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In re I.M.

Court of Appeals of Iowa

August 15, 2018

IN THE INTEREST OF I.M., Minor Child, C.M., Mother, Appellant.

          Appeal from the Iowa District Court for Marion County, Steven W. Guiter, District Associate Judge.

         The mother appeals the termination of her parental rights to one of her children. AFFIRMED.

          Charles E. Isaacson of Charles Isaacson Law, P.C., Des Moines, for appellant mother.

          Thomas J. Miller, Attorney General, and Mary A. Triick, Assistant Attorney General, for appellee State.

          William E. Sales III of Sales Law Firm, P.C., Des Moines, attorney for minor child.

          Terzo R. Steves of Steves Law Firm, PLLC, Des Moines, guardian ad litem for minor child.

          Considered by Potterfield, P.J., and Bower and McDonald, JJ.

          POTTERFIELD, PRESIDING JUDGE.

         The mother[1] appeals the termination of her parental rights to her child, I.M., who was born in 2007.[2] The mother maintains there is not clear and convincing evidence to support the termination of her rights pursuant to Iowa Code section 232.116(1)(f) (2017) as I.M. could be returned to her care at the time of the termination hearing. She also contends termination is not in I.M.'s best interests.

         I. Background Facts and Proceedings.

         I.M. and his older sister, A.M.,-who is not at issue in this appeal-were removed from the mother's care in January 2016 after the mother called 911 and reported bed bugs were in her skin. The mother was transported to the hospital, where she tested positive for methamphetamine. In the months leading up to the removal, the mother had other issues documented by the Iowa Department of Human Services (DHS), including two child-abuse assessments resulting from the mother's decision to leave the children home alone for a number of days while she went to a local casino to gamble. The children were often unable to reach the mother while she was gone and did not know where she was or when she would return. Additionally, around the same time, A.M.-who was then fourteen years old-moved a twenty-two-year-old man into the family home for a week without the mother noticing.

         In the social worker's child-abuse assessment summary, he noted:

This worker has been acquainted with [the mother] for the past 9 years. [She] loves her []children and has done the best that she has been able to do for many years with them. [She] has maintained a nice home. [She] has tried to give the children everything they need and she is very upset now that they have been removed. [She] for the past year has gone downhill physically. She is continuing to recover from a stroke so has made some gains but cannot drive at night, has diabetes, possible kidney issues and states she cannot walk down the stairs. [The mother] has had a host of bad circumstance[s] and now bad decisions that have greatly concerned this worker. Over the past few months [her] finances were a big concern. [The mother] began gambling and stayed away on at least two occasions for several days from the home, leaving the children home alone. [She] has now tested positive for methamphetamine.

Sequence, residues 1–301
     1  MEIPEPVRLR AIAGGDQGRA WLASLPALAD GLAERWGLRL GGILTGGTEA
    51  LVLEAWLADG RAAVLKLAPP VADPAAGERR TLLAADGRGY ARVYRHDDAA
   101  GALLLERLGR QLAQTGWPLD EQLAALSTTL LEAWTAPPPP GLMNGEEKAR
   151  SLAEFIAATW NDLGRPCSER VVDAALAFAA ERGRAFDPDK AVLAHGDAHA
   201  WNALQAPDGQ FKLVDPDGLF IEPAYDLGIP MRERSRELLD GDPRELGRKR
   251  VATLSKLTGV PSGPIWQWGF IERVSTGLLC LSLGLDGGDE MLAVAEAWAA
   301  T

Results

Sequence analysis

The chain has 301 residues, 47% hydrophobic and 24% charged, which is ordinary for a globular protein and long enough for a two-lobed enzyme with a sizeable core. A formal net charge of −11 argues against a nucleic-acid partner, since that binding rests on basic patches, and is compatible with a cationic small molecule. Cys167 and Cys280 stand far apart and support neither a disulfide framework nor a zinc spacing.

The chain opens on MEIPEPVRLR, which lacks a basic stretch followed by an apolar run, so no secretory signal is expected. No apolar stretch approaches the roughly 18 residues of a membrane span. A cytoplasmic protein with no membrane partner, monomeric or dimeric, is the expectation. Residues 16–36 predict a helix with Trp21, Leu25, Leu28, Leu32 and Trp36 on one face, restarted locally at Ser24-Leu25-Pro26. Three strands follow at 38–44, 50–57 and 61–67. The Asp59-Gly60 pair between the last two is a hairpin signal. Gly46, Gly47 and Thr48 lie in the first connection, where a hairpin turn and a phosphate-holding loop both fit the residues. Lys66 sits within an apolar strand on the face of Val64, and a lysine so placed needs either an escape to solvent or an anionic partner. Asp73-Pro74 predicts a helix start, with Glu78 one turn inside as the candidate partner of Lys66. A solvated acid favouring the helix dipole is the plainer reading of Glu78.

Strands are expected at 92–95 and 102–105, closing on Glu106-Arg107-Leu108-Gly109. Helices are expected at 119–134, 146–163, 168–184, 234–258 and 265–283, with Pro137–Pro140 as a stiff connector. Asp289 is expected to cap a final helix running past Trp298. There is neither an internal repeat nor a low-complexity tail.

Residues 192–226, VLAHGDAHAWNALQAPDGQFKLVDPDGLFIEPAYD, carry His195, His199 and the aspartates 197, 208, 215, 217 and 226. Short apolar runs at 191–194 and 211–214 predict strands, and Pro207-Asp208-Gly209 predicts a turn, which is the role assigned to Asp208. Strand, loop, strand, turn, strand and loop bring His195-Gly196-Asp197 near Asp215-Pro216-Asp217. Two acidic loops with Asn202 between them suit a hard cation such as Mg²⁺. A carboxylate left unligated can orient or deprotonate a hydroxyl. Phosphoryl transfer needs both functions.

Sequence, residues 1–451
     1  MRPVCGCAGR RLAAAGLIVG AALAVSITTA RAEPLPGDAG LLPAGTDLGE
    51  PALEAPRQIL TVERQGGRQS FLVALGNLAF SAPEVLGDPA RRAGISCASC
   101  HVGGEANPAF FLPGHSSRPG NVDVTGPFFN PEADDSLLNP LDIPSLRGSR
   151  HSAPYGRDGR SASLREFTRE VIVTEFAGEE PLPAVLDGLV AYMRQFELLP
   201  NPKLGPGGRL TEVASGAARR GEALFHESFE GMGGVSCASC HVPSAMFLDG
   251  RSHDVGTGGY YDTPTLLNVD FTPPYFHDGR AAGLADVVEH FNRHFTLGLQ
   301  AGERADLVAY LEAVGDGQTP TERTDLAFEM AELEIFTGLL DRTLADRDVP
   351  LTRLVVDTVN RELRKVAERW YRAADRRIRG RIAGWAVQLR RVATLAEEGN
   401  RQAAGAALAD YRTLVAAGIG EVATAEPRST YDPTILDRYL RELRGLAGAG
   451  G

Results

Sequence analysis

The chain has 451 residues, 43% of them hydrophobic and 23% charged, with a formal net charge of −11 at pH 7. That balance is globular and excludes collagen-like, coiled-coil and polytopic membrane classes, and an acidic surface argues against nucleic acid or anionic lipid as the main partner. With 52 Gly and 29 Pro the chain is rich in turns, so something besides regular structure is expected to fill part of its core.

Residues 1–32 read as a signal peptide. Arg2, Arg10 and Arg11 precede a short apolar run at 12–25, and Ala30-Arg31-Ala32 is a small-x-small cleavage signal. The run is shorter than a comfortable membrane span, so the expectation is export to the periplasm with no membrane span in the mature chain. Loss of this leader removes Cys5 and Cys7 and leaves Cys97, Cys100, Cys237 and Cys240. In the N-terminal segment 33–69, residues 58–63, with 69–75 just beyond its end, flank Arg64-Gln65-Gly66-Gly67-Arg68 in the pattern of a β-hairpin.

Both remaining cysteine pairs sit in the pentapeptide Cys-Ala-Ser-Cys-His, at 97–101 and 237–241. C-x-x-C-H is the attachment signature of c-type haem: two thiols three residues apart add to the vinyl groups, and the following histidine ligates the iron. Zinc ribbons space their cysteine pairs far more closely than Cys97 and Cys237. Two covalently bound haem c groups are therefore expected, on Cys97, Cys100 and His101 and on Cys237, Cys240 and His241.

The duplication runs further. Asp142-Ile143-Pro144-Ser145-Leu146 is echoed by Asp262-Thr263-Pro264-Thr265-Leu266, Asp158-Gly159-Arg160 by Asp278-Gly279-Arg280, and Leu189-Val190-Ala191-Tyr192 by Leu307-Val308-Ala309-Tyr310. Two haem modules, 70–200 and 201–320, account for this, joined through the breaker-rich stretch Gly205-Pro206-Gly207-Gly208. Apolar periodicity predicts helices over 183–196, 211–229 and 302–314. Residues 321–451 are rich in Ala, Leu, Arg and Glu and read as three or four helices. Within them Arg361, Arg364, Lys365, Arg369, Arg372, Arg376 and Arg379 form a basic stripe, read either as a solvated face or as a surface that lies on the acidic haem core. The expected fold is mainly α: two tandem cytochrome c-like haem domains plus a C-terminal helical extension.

In March 2016, I.M. was adjudicated a child in need of assistance (CINA). Later the same month, the mother submitted to a urine test, which showed a positive result for cocaine.

         According to DHS's April 2016 report to the court, the mother has struggled with mental-health issues her entire life. She suffered a mental breakdown after separating from the father of her three biological children. She then turned to drugs as a coping mechanism. However, the mother maintains she lived a life of recovery for over twenty years before she used methamphetamine one time in January 2016. The mother was diagnosed with paranoid schizophrenia with chronic auditory hallucinations, an anxiety disorder, a mild alcohol use disorder, and a mild amphetamine type substance stimulant use disorder. Medical personnel noted a "strong suspicion" the mother was engaged in "very inconsistent medication compliance"-possibly due to her inability to keep track of when she last took her medication.

         In June, the mother told the social worker that her positive drug test for cocaine was not due to her purposeful ingestion. Rather, she claimed she was struggling with lack of money and chose to help her cousin, a known drug dealer, cut cocaine in exchange for cash. She maintained that she cut her finger and accidently got cocaine in the wound.

         In July, the mother got into a physical altercation with one of her adult daughters. According to the police report from the incident, the adult daughter was lying in the hallway when the mother began to argue with her before ultimately pushing and trying to strike the daughter. The mother injured her hand during the incident and ultimately had to undergo surgery.

         In September, the mother was discharged from drug treatment for failure to attend. The same month, DHS learned-from speaking with the mother's regular physician-that the mother's "health had declined as a result of lack of follow through and self-medicating." The physician indicated the mother "had gone blind in one eye and should no longer be driving at night." Additionally, the physician reported that the mother had never suffered from a stroke, explaining, "[The mother] came in seeking treatment and was in a catatonic state due to the illegal substances she had taken. [The mother] refused any blood testing and fell to the floor in a fetal position when asked to have her blood drawn."

         At a doctor's appointment in October, the mother indicated she was still experiencing auditory hallucinations; she often heard music and voices mumbling to her. ...


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